The Africa Report’s quarterly magazine has come out, this time with a report on mobile phones, internet penetration, BPO zones and mobile banking. If you’re not subscribed to this quarterly magazine yet, you should – it’s available in almost every country. Personally speaking, it’s one of only three magazines I subscribe to (the others are MAKE and Technology Review).
“The division between the ICT â€˜havesâ€™ and â€˜have-notsâ€™ now runs through the heart of the continent, geographically and generationally. While young urban Kenyans and Nigerians feel at home messaging one another on social-networking sites, the elders in the rural landlocked hinterlands have yet to send an email, and many have never made a phone call. Tunisia and Morocco compete furiously with one another in the business process outsourcing (BPO) market for francophone call centres, but most businesses in the Sahel have never heard of doing their accounts on Excel spreadsheets.
Mobile Broadband Internet in Africa
While it’s good to talk about mobile phone penetration, I was a lot more interested in seeing the discussion going on around mobile broadband internet and how that is the next big move in Africa for the operators. Passing data, not just voice, is the battleground of the future in Africa – and all the carriers are fighting to position themselves to win.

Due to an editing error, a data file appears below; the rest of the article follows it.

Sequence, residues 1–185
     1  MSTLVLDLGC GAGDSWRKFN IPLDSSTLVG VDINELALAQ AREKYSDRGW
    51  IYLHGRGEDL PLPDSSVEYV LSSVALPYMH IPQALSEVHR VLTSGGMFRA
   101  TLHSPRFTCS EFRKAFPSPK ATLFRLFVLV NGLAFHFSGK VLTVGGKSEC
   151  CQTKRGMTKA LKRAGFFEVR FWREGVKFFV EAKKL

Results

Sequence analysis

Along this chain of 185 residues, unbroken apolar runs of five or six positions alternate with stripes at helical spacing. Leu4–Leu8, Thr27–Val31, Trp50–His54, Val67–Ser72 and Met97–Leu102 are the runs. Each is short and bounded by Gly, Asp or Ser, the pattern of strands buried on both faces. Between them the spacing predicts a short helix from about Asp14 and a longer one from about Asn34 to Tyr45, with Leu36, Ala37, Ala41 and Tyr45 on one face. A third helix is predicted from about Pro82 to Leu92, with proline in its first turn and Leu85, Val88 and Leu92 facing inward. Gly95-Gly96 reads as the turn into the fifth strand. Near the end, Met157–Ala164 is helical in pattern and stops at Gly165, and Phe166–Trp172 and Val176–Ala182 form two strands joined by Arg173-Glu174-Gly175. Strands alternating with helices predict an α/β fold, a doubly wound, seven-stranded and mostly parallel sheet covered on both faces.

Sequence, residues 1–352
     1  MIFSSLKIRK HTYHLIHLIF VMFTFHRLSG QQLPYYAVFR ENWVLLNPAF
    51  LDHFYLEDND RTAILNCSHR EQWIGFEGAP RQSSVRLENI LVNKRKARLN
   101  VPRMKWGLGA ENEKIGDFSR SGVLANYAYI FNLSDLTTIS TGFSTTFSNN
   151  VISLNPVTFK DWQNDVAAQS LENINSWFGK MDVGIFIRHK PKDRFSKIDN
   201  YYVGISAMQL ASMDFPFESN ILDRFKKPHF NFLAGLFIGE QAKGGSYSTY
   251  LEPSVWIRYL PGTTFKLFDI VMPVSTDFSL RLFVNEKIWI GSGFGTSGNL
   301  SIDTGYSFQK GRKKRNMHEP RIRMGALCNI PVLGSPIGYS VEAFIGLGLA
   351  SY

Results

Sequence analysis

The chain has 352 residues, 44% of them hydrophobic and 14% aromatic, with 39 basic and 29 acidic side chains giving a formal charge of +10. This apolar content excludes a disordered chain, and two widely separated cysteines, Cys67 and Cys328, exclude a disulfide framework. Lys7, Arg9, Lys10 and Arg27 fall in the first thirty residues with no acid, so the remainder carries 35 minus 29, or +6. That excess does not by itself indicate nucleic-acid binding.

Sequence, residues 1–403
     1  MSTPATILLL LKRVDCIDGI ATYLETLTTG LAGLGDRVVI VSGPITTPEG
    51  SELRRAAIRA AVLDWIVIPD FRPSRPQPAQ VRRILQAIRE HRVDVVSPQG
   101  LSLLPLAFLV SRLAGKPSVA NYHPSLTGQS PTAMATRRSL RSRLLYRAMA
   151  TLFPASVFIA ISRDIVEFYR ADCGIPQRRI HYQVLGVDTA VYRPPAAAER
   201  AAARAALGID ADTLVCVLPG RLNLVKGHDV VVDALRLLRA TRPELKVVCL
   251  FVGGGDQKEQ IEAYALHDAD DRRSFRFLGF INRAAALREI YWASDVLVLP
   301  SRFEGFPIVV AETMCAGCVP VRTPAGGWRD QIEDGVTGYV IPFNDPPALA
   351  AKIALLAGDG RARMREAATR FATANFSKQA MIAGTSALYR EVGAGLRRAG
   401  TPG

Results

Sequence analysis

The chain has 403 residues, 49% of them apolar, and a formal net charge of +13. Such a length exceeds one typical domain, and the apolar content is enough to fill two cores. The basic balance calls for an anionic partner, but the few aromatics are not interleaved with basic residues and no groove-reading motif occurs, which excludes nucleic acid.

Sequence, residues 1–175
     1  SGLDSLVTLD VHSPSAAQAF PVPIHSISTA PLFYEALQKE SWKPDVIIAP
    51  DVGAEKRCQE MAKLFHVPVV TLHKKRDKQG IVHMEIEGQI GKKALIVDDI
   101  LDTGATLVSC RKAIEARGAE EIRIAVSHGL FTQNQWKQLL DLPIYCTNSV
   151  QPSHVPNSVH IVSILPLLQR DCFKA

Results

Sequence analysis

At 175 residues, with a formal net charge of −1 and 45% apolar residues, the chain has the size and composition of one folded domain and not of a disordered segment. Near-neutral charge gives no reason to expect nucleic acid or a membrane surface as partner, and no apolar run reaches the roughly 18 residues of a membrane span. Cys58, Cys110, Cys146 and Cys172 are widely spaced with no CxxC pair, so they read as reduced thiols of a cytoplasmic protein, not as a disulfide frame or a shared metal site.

I saw this happening in my most recent trip to Kenya where the local ISPs are very much aware of their dongle-toting SIM card competition (see image below) found in Safaricom and Celtel. As voice services begin to erode for mobile carriers in Africa, they have to find new ways to compete. Of course, this means more and increasingly cheaper options for consumers around the continent.
With new carriers still entering into the fray, older ones having to change their business strategies, and ISPs who are also getting better international bandwidth connections the real battle for the internet in Africa is just beginning. It’s very much of a “wild west” atmosphere with huge stakes at both the country and regional levels.
[download the extract of this article here, a 772Kb PDF)